BACKGROUND: The term Alcohol Use Disorder (AUD) incorporates different states of disease related to the recurrent use of alcohol and linked to the relevant impairment, disability and failure to perform major responsibilities in different realms. Many neurotransmitter systems are involved in the phases or states of alcoholism from reward mechanisms, associated to binge intoxication, to stress and anxiety linked to relapse and withdrawal. Some neuropeptides play a key function in the control of anxiety and stress, and establish a close relationship with the pathological mechanisms underlying alcohol addiction...
2017: Current Medicinal Chemistry
https://www.readbyqxmd.com/read/28265716/don-t-stress-about-crf-assessing-the-translational-failures-of-crf1antagonists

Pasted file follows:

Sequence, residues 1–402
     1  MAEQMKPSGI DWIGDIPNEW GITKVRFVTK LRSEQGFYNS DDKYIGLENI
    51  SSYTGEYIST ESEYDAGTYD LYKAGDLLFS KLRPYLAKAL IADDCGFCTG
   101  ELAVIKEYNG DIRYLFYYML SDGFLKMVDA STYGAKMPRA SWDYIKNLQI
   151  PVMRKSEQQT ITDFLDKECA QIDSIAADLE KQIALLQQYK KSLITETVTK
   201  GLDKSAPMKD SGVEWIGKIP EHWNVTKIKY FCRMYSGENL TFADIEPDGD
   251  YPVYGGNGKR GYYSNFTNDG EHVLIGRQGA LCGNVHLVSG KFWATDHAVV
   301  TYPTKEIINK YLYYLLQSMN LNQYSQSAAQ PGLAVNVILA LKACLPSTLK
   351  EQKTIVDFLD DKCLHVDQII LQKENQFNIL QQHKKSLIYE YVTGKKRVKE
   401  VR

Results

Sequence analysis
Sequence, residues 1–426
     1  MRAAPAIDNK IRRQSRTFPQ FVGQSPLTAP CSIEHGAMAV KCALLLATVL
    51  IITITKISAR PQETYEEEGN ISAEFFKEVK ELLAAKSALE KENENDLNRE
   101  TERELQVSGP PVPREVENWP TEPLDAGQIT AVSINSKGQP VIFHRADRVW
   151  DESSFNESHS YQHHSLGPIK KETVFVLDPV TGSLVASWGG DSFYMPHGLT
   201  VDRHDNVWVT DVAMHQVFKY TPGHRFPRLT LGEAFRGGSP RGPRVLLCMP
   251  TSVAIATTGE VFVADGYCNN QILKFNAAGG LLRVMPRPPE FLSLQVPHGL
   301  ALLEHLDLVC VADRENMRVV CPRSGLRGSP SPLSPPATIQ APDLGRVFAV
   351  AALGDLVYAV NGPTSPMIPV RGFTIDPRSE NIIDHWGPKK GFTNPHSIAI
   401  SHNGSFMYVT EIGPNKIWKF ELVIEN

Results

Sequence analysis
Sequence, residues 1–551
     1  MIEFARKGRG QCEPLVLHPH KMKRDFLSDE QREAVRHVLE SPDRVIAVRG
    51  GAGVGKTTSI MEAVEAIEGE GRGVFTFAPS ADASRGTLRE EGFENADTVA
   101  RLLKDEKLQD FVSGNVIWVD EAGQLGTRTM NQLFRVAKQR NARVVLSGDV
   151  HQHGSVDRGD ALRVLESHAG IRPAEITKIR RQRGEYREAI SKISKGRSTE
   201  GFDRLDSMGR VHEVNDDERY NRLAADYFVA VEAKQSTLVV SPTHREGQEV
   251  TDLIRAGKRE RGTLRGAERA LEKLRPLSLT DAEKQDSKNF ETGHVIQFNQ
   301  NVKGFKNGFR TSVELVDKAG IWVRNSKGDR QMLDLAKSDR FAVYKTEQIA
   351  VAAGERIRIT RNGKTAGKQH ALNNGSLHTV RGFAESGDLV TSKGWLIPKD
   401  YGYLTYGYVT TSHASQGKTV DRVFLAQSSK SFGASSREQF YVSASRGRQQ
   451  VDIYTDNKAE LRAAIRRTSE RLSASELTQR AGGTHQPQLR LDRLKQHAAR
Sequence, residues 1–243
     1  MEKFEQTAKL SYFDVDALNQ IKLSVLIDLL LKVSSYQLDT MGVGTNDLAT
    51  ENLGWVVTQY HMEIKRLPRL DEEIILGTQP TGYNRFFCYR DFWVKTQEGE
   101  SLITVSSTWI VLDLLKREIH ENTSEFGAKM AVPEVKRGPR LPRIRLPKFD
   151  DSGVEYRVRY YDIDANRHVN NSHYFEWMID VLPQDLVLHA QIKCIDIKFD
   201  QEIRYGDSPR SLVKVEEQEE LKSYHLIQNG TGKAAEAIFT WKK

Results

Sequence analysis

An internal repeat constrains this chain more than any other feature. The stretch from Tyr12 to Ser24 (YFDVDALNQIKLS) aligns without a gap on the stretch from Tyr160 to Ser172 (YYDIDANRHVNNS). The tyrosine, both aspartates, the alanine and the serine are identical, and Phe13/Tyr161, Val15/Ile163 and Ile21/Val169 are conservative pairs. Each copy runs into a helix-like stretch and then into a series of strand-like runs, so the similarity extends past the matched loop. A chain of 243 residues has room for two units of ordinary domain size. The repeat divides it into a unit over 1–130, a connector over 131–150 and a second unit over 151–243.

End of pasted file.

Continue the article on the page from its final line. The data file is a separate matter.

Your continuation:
#10
REVIEW
Samantha R Spierling, Eric P Zorrilla
BACKGROUND: Dr. Athina Markou sought treatments for a common neural substrate shared by depression and drug dependence. Antagonists of corticotropin-releasing factor (CRF) receptors, a target of interest to her, have not reached the clinic despite strong preclinical rationale and sustained translational efforts. METHODS: We explore potential causes for the failure of CRF1 antagonists and review recent findings concerning CRF-CRF1 systems in psychopathology. RESULTS: Potential causes for negative outcomes include (1) poor safety and efficacy of initial drug candidates due to bad pharmacokinetic and physicochemical properties, (2) specificity problems with preclinical screens, (3) the acute nature of screens vs...
May 2017: Psychopharmacology
https://www.readbyqxmd.com/read/28237884/effects-of-crack-cocaine-addiction-and-stress-related-genes-on-peripheral-bdnf-levels
#11